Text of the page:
The Architect's Newspaper will be headed to California next week for Palm Springs Modernism Week. It's the sixth year we have served as a media sponsor and we always look forward to the week on the desert as not simply time out from the New York winter but a chance to visit the classic modern houses in the Mojave oasis. In addition, we always make a point to awl through the Palm Springs Modernism Show & Sale where they sell the most incredible modern furniture and objects. There are always a few things affordable even for an architecture editor, but if not it's so much fun to look and fantasize about how these design objects would look in a New York loft. This is the 15th year of the show and sale, and this must make it the longest running modern event like it in the country. This year it will feature 85 of the most prestigious dealers from across the United States and Europe. The show and sale takes place at Palm Springs Convention Center and runs from February 13th to the 16th, 2015.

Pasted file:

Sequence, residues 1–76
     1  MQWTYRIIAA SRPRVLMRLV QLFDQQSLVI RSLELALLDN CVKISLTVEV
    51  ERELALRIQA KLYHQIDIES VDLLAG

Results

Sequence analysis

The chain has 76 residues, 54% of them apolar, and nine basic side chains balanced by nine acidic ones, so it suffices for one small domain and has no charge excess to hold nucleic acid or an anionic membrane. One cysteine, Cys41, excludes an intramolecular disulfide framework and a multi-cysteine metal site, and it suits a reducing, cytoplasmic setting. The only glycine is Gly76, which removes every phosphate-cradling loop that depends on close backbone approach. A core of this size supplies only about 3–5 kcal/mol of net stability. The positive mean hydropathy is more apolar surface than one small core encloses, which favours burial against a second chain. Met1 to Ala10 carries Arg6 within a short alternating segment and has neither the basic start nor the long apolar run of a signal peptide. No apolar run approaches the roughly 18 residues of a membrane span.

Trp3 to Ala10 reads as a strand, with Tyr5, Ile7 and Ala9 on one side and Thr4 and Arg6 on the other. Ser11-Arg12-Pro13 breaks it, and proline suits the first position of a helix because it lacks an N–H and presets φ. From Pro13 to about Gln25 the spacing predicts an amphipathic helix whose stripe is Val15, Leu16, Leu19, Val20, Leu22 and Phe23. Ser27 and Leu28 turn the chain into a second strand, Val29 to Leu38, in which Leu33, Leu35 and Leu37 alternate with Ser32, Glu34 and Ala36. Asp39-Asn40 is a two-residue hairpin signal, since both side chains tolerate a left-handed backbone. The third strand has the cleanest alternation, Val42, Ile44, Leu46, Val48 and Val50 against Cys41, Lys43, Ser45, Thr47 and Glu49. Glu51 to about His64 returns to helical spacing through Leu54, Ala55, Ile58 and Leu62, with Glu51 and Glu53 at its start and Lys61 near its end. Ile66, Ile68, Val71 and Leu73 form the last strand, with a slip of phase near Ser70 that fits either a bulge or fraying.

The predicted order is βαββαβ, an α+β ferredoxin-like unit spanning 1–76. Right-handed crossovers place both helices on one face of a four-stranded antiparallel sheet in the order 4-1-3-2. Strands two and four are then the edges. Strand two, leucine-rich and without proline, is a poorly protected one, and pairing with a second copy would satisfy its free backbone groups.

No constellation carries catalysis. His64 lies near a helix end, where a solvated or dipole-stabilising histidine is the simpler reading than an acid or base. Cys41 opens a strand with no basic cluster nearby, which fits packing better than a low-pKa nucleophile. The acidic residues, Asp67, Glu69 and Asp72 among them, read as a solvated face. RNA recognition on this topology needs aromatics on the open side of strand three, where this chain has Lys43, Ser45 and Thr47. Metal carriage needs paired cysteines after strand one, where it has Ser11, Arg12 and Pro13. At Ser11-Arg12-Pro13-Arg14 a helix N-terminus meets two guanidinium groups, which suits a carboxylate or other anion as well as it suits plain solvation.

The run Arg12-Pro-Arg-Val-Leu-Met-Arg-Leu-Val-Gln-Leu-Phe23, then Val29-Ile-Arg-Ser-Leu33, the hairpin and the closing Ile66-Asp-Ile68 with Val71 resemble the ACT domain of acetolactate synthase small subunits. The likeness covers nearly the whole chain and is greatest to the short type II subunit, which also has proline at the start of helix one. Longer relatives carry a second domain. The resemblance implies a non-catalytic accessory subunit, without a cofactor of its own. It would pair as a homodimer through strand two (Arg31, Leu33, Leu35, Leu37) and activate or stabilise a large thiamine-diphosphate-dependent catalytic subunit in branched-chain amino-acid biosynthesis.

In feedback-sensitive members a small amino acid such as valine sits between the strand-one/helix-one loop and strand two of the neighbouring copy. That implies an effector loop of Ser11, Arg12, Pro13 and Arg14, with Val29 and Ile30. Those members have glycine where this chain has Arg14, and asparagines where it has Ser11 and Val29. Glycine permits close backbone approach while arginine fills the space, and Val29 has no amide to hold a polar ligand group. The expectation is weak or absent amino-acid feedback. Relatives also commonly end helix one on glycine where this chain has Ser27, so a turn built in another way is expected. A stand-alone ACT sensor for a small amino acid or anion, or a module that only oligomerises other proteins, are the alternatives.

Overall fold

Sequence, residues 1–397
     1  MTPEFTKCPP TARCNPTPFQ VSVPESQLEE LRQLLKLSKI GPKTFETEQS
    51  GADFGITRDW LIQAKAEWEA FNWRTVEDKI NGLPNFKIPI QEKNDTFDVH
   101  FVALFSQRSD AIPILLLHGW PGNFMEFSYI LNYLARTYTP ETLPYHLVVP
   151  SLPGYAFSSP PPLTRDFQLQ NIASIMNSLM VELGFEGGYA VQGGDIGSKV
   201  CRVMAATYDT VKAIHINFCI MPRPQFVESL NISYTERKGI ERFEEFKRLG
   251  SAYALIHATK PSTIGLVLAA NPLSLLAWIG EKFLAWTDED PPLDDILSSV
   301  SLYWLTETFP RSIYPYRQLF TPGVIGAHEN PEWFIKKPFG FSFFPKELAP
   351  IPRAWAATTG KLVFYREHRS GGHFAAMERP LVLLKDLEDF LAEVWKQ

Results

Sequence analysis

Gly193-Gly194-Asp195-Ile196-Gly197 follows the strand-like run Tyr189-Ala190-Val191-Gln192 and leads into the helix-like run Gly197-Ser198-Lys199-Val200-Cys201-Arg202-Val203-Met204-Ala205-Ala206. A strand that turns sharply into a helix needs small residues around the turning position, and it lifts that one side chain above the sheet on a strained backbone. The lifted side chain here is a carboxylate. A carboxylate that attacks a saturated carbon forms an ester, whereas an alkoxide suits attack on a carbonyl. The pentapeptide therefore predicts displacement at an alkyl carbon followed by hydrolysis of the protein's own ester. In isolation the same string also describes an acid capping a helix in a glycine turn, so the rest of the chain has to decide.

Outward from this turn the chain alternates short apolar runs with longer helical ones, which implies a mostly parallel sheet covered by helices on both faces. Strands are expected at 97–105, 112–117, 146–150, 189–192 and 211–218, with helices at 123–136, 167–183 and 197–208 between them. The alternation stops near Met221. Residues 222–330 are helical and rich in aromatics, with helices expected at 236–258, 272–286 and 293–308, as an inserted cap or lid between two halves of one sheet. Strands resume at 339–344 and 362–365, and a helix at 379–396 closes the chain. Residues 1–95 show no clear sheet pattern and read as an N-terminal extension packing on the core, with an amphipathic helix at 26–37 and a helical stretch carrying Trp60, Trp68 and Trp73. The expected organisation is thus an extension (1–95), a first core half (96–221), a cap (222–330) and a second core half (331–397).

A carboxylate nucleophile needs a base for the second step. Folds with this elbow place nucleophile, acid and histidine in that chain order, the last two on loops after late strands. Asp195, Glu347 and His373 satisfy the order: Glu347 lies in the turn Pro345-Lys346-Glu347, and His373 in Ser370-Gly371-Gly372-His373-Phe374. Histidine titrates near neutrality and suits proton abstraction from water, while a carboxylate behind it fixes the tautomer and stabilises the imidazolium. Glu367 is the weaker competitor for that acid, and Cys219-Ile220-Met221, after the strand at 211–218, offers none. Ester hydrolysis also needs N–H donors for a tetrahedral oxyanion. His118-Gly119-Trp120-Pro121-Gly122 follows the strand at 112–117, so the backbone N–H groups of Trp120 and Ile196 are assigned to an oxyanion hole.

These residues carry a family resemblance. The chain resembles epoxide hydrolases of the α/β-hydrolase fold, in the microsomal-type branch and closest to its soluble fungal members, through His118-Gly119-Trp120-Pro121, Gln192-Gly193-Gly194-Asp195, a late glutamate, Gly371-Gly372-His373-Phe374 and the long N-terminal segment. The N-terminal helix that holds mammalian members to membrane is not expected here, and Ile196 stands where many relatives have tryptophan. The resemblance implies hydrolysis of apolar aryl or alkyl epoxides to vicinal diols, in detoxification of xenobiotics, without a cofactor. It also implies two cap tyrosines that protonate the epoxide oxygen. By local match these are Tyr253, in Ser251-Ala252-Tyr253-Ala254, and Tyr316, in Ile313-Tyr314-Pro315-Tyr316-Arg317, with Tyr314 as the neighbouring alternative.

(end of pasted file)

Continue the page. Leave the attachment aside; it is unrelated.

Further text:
While it appears that Los Angeles' famed Norms restaurant is safe, at least for the moment, another local dining landmark is in trouble: Hof's Hut, in Long Beach, which recently suffered "significant damage" due to multiple fires, according to the LA Times. Designed by mid-century architect Edward Killingsworth, the restaurant's exposed post and beam structure and massive windows (now partially hidden by ugly awnings) helped make it a classic for more than half a century. Inspectors are still attempting to determine the cause of the back-to-back fires. To this point the restaurant has not released plans on rebuilding, but in a statement said, “We are devastated by the fire and loss of our Long Beach Blvd. restaurant." There are three other Hof's Huts remaining in Southern California.